Riley Cerabona: A Young Girl Living With CLOVES Syndrome

Riley Cerabona (Courtesy of Kristen Davis)
Riley Cerabona (Courtesy of Kristen Davis)

Riley Cerabona has already faced more in her life than a lot of us probably ever will. She was born with a rare disease that could only be treated with surgery — until now. Riley recently began taking an experimental drug that may — or may not — help her.

WBUR's CommonHealth series, The Life of Riley: A Rare Girl, A Rare Disease, will follow Riley and help tell her story.

CommonHealth co-host Carey Goldberg joined WBUR's All Things Considered host Deborah Becker to talk about Riley and her disease.

Deborah Becker:  You and your colleague Jesse Costa have spent a lot of time with Riley and her family. So what is her disease exactly, Carey?

Carey Goldberg: Well, her disease is known as CLOVES. Basically, as Riley puts it, it makes lumps and bumps on and in her body. CLOVES is extremely rare — we call it one-in-a-million but it’s actually more like one-in-a-hundred-million. And it was only identified in 2008 by doctors at Children’s Hospital, Boston.

Riley’s surgeon, actually, Dr. Steven Fishman, told me that when he first operated on Riley as an infant, he thought that he was treating just a common, garden variety type of growth – or vascular anomaly – that infants and children are often born with:

Most of the time, these are localized abnormalities, and alarm bells for us don’t go off. But there are some vascular anomalies that are associated with more extensive problems. When Riley was born, we didn’t have any of those alarm bells. It was only later that we ended up realizing that there was more than met the eye.

So, for Riley, it’s not just the lumps and bumps that we can see. The problem is that some of these malformations grow inside her spine, and they’re very dangerous. Without surgery they could kill her. As it is, she’s been left with paralysis in her left arm.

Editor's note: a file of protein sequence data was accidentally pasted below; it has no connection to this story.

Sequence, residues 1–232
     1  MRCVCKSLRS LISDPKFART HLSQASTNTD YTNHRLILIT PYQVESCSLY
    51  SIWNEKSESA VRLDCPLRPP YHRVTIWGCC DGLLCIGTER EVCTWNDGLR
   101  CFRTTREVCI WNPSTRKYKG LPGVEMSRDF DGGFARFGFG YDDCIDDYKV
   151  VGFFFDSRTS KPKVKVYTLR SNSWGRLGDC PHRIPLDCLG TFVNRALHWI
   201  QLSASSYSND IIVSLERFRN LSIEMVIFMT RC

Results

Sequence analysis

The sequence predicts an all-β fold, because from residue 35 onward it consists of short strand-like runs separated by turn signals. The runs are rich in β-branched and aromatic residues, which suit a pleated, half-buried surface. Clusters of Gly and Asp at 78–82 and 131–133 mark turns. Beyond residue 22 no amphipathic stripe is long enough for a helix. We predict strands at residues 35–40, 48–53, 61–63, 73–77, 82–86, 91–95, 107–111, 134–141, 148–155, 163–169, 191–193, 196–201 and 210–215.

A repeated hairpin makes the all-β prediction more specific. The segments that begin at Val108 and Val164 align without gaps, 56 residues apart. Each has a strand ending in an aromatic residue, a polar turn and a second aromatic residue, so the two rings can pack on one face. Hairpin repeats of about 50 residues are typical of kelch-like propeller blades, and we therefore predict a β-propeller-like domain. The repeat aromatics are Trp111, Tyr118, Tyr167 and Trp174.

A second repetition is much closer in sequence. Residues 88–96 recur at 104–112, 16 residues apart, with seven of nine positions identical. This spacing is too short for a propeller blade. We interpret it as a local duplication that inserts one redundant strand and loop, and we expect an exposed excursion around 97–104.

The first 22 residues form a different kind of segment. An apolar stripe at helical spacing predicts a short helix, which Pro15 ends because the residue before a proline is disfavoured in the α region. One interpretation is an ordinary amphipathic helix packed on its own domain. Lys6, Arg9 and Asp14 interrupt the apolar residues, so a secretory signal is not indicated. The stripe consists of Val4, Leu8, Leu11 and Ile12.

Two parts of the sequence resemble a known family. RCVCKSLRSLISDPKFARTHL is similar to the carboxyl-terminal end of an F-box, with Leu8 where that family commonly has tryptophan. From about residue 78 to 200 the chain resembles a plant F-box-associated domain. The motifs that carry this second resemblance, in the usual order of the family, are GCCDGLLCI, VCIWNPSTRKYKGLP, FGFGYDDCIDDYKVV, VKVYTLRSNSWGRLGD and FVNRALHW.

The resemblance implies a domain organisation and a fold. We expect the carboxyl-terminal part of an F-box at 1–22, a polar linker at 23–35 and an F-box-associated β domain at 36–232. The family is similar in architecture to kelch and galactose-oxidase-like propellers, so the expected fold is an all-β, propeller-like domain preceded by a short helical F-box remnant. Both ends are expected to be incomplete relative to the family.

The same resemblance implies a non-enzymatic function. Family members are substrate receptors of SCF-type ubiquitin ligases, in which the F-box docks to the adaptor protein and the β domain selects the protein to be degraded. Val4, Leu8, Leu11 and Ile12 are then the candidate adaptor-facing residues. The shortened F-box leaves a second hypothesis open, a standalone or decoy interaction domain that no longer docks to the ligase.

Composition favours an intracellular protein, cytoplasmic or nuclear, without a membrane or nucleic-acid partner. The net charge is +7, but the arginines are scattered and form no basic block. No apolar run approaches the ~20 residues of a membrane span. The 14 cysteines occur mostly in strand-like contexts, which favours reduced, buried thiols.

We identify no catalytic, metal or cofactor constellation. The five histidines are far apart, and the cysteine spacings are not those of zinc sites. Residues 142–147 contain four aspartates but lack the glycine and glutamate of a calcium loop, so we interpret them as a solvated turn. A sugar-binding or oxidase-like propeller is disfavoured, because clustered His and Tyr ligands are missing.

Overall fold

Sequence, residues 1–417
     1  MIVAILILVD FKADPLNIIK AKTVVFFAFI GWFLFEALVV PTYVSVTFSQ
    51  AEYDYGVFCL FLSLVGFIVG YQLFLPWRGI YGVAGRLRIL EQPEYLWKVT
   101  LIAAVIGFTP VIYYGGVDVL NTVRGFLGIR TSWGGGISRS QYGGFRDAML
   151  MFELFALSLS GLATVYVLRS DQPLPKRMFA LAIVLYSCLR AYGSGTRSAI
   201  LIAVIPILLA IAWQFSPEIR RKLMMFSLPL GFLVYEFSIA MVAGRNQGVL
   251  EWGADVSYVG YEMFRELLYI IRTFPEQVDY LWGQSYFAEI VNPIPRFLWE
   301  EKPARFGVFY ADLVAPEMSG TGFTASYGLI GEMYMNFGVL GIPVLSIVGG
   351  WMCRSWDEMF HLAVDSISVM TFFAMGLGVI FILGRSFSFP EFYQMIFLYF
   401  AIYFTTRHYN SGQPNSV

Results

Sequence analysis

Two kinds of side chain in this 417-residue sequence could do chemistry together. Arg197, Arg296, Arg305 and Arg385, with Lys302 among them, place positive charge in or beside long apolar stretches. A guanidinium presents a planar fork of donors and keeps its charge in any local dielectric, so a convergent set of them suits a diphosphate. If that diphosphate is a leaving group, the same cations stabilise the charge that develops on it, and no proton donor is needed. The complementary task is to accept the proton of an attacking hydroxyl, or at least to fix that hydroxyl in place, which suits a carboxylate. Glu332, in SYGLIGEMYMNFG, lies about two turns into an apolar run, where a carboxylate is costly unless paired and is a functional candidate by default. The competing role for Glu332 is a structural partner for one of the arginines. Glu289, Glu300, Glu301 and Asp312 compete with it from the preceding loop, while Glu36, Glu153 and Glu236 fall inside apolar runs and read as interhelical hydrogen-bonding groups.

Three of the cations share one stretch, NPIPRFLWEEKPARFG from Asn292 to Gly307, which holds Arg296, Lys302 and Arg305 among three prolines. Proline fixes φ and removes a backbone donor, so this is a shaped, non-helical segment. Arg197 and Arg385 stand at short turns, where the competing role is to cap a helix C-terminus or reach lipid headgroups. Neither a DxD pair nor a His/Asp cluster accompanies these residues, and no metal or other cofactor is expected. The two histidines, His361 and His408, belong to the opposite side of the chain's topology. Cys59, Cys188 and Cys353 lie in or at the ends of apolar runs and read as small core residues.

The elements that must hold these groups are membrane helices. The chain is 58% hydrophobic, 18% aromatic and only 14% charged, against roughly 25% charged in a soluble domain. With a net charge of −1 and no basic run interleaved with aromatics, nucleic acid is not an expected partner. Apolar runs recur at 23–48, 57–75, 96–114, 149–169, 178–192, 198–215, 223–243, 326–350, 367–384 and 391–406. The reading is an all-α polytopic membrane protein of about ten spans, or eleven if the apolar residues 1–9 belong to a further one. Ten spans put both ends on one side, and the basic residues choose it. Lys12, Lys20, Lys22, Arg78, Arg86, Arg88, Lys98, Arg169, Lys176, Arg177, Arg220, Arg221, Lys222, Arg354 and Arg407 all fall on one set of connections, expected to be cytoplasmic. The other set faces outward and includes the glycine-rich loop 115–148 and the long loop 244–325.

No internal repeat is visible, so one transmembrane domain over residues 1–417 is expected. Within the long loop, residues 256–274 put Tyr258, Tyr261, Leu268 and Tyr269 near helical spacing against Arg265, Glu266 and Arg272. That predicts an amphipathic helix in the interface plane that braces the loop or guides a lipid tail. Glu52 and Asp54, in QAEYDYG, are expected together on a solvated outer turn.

What about Riley’s family? How are they coping?

Riley’s parents, Kristin and Marc, and her brother, Cole, have a lot in common with Riley. They have this sort of resilience, this ability to acknowledge the hard times but also still be happy about a lot of things. Apart from caring for their daughter and logistics and insurance issues and maintaining some sense of normalcy, Kristin and Marc — the parents — are dealing with this constant uncertainty. Here is Kristen:

One of the things that happens with us and with this syndrome is that we get told that things are okay and then we get told later that things are not okay. We are used to the drama. We're used to the drama.

And Riley's father Marc:

I’ve always been thankful that through all of this Riley’s been verbal. Whether she’s mad or sad or happy or whatever, she can tell us what she’s feeling, and she can verbally communicate that. She’s a smart, talented, little girl and her health is still just one thing about her — it’s not who she is.

Up until this point, treatment for Riley has basically been surgery, removing these growths.

Right, one after another.

But now she’s started on a drug trial. What happens from there?

We don’t know for sure. It’s a very experimental drug for this kind of syndrome. On Monday, Riley will have an MRI to see if there is in fact a new growth on her spine. If there is, she may have to drop of the trial. If not, then she and her family are hoping that the drug is helping her. In any case, we’ll be covering Riley’s progress as it happens on a week-by-week basis.

This program aired on April 6, 2012. The audio for this program is not available.

Headshot of Carey Goldberg

Carey Goldberg Editor, CommonHealth
Carey Goldberg is the editor of WBUR's CommonHealth section.



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